At this year’s Gamescom, one of the show’s highlights was hidden away in Hall number 5 – away from the big Sony, Activision, Nintendo, EA and Ubisoft booths. Vertigo Games, working with Boston (providing their Roamer MU-VR hardware for a wireless experience) and Alternate (hosting the experience), showcased their Location-Based version of Arizona Sunshine in VR.
What we know
Adapted from the existing console and PC versions of Arizona Sunshine, this is a LB (Location Based) virtual reality experience. The term ‘location based’ is a bit deceptive in that you’re not actually bound to a spot in front of a TV, since you’re actually walking around freely in an open area/room that transforms into a zombie-infested industrial (rocket) facility when you put on your headset.
An experience that’s not meant for home use, Arizona Sunshine LB VR constitutes a brand new kind of arcade experience, where you and up to four friends can engage with the game world simultaneously by sharing a (real world) space and interacting with each other and the game inside a virtual environment.
What we saw
During Gamescom, I got to play a 30 minute session of Arizona Sunshine LB VR alongside three other members of the press and gaming industry. It was powered by Boston’s Roamer MU-VR tech, which allows you to walk around a room wearing a headset without any kind of wires attached to it. In the real world, our room was just an empty space with camera’s/motion detectors attached to the tops of the walls, and just a tiny corner of hardware that powered the entire experience. Besides (HTC Vive) headsets, we were also handed a pair of modified controllers – handguns, which strongly resembled NES-era Duck Hunt guns for some reason. Also present was Nick Witsel, one of the game designers at Vertigo in charge of porting the Arizona Sunshine experience to a Location Based version.
What we thought
Although two of the three people I was playing with were strangers, cooperation was instant as zombies started swarming in from all directions and it was clear we had to divide our attention and cover different corners of the room to keep ourselves safe. This cooperation with other (real) players inside a space was part of what made the experience so good, but the real magic came when the first wave of zombies ended. Physically walking to a button to call a moving platform, seeing the other players get on the platform with you, and then physically bumping into them when you get too close was a transformative VR experience – especially when you consider that all of this walking around was without any kind of immersion-breaking cable tugging at your head.
The level design has to make use of the available space, which is a challenge in and of itself. As long as you’re bound to a single (in game) room this is no issue, but things become interesting and clever when you start using moving platforms and elevators. Having to get on and in these means that all the players gather together in one part of the room, and once the platform stops moving it will allow you to move in a different direction again. It makes great use of the (limited) space available in the real world this way, giving you the illusion you’re walking through a sprawling complex.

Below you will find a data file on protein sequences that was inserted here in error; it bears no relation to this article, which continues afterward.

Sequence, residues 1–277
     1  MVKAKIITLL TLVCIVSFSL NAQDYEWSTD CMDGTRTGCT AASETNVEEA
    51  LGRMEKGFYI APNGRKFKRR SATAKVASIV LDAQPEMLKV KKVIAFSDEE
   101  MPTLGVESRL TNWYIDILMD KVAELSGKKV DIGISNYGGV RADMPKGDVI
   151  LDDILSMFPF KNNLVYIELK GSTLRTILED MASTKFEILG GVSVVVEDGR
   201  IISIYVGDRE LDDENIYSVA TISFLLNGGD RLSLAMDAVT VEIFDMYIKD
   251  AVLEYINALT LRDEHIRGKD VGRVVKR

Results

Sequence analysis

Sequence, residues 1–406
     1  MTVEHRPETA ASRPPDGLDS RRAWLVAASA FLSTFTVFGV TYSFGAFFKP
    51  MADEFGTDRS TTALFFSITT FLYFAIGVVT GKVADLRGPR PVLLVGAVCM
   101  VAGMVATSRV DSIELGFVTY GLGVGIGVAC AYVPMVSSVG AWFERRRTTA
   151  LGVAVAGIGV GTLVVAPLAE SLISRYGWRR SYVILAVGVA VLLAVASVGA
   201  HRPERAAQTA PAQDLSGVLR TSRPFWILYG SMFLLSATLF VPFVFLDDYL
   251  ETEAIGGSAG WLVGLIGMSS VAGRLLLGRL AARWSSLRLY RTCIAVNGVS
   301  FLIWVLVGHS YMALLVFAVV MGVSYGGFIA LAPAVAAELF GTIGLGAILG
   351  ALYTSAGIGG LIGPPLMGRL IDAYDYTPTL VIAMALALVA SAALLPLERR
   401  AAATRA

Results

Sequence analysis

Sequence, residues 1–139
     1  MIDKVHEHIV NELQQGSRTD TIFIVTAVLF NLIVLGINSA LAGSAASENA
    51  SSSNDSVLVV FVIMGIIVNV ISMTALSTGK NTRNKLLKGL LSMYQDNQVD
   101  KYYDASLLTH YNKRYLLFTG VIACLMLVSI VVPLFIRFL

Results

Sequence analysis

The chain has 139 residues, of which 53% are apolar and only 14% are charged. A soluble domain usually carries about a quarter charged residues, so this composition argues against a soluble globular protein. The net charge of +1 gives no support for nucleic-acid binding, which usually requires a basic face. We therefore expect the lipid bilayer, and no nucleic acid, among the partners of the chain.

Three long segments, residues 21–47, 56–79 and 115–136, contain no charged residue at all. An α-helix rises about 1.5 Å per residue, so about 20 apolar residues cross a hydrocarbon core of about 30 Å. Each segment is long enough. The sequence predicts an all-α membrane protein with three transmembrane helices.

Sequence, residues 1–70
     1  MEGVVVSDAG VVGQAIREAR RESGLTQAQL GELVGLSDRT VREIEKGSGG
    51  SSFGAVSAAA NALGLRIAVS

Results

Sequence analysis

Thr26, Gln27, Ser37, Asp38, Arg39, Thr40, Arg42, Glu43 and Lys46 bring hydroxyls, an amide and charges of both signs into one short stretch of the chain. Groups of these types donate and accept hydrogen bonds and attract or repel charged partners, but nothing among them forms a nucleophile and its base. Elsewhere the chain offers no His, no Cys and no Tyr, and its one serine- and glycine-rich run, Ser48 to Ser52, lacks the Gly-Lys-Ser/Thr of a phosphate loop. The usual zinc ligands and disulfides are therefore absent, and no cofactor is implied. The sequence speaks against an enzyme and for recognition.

Being a multiplayer experience, the game also has a few fun little puzzles that require cooperation. Imagine being stuck in front of a locked gate, with the lever or crank to open it being above you. One player has to get in a small service elevator, go “up” (virtually), and open the gate while others keep fending off zombies. It’s certainly thrilling, especially in that “hurry up over there!” sense.
Is it perfect? No, there’s definitely still room for improvement, as with all new technology. I would have loved to have voice communication with my squad mates, for one. Cooperation was intuitive and instant, but figuring things out and strategizing verbally would have made the experience better. There was also no death or damage, so theoretically a player could just get overwhelmed with zombies while others pick them off. For dramatic effect, it would be great if people got taken out and had to be revived – though this probably doesn’t translate well to the real life room you’re playing in.
We also had a few weird experiences with more than one player trying to get into a small elevator and one player kind of clipping through the walls and getting left behind – this is where better verbal communication (or different level design) could have helped. Despite these small niggles, however, the LB VR version of Arizona Sunshine was quite possibly my favorite hands on demo at Gamescom this year. It raises the bar for VR and makes it a social experience, even if it means the experience can’t be had inside your living room.